RNaseAlert Lab Test Results

To better understand the how the RNaseAlert Lab Test works, here is a basic overview taken directly from the protocol.

How RNaseAlert Lab Test works
Rapid RNase detection is achieved using a cleavable fluorescent-labeled RNase substrate developed as a collaborative effort by Ambion and Integrated DNA Technologies, Inc. (patent pending). The RNaseAlert Lab Test assay is simple and straightforward; just pipet 5 μL of the 10X RNaseAlert Lab Test Buffer into one of the tubes containing lyophilized Fluorescent Substrate. Then, add up to 45 μL of the solution to be tested, and incubate for 30 min to 1 hr at 37°C. The Fluorescent Substrate is a modified RNA oligonucleotide that emits a green fluorescence if it is cleaved by RNase, the fluorescence can be visually detected by short-wave UV illumination or measured in a fluorometer. Solutions with RNase contamination will produce a green glow in the assay, whereas solutions without RNase activity will not fluoresce. The amount of RNase activity will be directly proportional to the rate of fluorescence increase. Quantitative measurements can be obtained from a fluorometer.

A positive (+) control, negative (-) control, glycogen and five different fluorescent proteins (mTagBFP, mKate, mTagGFP, mCherry, EGFP) were used in this test. The samples were placed in a Corning 96 well half area flat bottom plate and examined for fluorescent activity in the BioTek Synergy HT. The kinetic plate was programmed to take measurements every five minutes for one hour. The results, in graphical form, were as follows:

NOTE: mTagGFP and EGFP were disregarded in some of these data analyses due to its own excitation at the same wavelength and thus background fluorescence.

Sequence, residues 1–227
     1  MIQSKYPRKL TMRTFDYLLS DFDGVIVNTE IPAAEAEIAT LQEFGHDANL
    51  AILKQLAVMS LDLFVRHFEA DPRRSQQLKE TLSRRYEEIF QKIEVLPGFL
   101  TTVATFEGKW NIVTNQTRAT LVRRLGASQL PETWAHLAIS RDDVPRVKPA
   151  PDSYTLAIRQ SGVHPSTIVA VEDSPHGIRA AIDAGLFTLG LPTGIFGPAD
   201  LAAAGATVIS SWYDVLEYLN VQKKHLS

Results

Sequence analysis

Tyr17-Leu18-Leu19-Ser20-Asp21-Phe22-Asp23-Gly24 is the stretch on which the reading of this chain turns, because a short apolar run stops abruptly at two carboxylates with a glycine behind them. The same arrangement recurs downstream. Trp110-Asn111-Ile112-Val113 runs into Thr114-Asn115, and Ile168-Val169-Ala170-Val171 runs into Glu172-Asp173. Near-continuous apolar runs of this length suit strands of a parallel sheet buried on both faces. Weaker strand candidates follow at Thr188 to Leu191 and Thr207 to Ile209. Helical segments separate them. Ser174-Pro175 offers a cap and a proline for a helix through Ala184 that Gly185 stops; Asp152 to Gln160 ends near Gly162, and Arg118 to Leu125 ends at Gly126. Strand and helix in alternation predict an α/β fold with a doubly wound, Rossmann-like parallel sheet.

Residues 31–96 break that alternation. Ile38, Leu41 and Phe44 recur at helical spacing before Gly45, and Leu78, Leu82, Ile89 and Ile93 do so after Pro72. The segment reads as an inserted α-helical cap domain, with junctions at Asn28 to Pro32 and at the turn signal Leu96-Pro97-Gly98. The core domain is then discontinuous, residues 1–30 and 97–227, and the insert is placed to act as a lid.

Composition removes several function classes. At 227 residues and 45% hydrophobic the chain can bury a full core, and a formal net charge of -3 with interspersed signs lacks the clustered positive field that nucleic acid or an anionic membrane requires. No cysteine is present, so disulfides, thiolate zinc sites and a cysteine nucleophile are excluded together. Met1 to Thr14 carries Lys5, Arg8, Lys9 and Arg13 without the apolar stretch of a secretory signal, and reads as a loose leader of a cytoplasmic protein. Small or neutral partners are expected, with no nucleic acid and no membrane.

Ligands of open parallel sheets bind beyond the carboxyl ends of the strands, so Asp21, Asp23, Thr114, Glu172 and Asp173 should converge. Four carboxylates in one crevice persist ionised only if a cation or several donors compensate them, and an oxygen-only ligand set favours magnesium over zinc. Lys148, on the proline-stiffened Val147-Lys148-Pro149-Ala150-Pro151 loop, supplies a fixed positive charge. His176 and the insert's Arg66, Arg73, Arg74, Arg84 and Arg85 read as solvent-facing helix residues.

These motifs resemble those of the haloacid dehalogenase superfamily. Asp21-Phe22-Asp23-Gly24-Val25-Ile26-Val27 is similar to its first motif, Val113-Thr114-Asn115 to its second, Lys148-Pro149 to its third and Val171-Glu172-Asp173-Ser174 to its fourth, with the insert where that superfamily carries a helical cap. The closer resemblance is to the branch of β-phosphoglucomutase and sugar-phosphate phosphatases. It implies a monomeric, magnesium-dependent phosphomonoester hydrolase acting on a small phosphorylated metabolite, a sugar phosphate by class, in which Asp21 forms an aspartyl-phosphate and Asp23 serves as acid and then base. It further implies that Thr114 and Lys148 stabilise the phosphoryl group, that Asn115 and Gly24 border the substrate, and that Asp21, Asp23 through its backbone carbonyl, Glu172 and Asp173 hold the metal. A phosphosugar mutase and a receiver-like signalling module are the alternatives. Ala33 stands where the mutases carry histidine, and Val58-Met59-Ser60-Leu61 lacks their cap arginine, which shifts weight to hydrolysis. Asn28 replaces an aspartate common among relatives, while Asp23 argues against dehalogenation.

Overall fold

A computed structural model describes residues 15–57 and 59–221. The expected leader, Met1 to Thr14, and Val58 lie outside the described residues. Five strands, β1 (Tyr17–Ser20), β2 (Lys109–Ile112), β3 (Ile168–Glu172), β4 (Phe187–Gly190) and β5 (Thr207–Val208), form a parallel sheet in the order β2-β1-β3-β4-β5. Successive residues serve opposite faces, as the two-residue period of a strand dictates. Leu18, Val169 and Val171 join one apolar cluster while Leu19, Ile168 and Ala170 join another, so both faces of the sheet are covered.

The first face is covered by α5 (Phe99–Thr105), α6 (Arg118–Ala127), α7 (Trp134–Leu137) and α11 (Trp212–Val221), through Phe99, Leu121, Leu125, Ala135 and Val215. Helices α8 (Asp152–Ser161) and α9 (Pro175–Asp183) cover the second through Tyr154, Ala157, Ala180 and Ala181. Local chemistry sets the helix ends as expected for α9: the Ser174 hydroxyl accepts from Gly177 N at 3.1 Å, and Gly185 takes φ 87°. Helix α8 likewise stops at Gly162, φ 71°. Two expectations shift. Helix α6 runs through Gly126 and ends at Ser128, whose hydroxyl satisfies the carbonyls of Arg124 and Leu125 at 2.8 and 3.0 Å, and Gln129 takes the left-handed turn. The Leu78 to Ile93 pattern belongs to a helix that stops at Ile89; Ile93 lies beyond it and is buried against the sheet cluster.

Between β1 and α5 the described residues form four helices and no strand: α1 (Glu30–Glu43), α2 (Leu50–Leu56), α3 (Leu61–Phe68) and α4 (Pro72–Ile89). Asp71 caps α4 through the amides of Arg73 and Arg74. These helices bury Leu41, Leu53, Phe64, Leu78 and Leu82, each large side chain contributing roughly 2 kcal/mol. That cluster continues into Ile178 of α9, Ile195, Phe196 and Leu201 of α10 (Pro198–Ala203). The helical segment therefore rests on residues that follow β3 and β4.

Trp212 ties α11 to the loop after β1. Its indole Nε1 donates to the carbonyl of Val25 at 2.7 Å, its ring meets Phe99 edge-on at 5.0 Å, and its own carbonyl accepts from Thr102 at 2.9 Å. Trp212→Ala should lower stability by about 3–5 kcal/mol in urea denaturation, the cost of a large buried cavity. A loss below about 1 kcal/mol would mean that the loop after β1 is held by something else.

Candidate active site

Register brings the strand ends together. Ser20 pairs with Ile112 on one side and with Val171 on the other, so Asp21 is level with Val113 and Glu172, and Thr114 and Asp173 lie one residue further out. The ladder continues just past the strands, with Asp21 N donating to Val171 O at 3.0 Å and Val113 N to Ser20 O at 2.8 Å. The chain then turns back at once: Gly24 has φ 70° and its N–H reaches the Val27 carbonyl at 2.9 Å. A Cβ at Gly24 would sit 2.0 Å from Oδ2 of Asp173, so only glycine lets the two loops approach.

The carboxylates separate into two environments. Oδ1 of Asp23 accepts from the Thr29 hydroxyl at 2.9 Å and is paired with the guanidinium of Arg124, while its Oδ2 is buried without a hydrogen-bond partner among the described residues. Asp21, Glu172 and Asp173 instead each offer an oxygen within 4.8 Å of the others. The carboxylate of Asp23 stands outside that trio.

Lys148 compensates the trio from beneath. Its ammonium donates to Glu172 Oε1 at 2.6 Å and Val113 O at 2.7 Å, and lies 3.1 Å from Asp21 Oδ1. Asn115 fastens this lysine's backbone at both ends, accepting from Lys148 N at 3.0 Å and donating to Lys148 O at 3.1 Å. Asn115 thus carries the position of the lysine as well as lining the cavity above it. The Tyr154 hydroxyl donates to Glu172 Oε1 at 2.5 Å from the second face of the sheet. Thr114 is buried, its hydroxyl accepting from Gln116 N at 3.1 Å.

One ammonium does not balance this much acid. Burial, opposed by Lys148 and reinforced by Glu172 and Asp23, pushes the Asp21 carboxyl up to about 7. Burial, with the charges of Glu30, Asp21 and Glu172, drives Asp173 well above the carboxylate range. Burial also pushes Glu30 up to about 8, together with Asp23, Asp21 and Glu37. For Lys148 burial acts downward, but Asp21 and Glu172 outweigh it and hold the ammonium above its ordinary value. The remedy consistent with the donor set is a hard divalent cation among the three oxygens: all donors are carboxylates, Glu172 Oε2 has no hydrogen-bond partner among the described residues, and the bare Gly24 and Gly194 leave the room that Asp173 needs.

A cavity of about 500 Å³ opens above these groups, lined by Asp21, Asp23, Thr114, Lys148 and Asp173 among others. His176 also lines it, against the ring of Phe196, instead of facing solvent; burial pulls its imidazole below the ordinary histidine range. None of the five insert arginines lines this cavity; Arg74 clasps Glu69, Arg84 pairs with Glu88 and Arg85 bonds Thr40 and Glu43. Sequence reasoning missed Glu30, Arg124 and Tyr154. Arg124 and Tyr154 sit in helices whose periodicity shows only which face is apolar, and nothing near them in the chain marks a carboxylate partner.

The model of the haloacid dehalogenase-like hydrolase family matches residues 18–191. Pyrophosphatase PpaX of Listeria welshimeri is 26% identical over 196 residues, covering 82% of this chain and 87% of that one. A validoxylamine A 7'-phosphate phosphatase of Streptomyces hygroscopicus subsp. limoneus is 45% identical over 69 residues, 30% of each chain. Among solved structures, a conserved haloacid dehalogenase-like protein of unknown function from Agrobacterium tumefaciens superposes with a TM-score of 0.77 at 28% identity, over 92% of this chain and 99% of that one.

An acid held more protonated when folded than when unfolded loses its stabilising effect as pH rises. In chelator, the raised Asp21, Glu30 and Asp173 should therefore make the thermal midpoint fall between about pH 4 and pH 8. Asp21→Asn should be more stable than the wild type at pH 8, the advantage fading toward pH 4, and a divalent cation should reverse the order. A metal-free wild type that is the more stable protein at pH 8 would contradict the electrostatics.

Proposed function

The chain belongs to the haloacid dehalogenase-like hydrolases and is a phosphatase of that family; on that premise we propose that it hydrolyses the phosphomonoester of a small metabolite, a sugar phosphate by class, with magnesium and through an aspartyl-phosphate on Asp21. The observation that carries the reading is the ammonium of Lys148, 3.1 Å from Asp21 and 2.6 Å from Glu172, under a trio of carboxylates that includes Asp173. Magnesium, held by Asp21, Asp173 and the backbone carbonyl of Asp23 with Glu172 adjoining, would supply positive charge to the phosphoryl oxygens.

As can be seen, the only protein with any significant fluorescence and thus RNase activity was mTagBFP(the protein I am doing my selection with).

Over a 30 minute period, one can see that the extent of the RNase activity of mTagBFP is approximately 10-11% of the positive control. In other words, 10% of my binders are being chewed up.

Interestingly, EGFP and mTagGFP did not react in the same manner. One would expect photobleaching, as seen with EGFP, since the protein was constantly fluorescing during the test. However, mTagGFP did not exhibit these results.

1 comment:

Jackie Champion said...

Hi there! This is a good read. I will be looking forward to visit your page again and for your other posts as well. Thank you for sharing your thoughts about rnase in your area. I am glad to stop by your site and know more about rnase. Keep it up!
RNase A is an RNase that is commonly used in research. RNase A (e.g., bovine pancreatic ribonuclease A: PDB 2AAS) is one of the hardiest enzymes in common laboratory usage; one method of isolating it is to boil a crude cellular extract until all enzymes other than RNase A are denatured. It is specific for single-stranded RNAs. It cleaves the 3'-end of unpaired C and U residues, ultimately forming a 3'-phosphorylated product via a 2',3'-cyclic monophosphate intermediate.
A 50 µL reaction containing 0.5 µg of pBR322 DNA and 10 µL of enzyme solution incubated for 4 hours at 37°C resulted in no visually discernible conversion to nicked circular DNA as determined by agarose gel electrophoresis.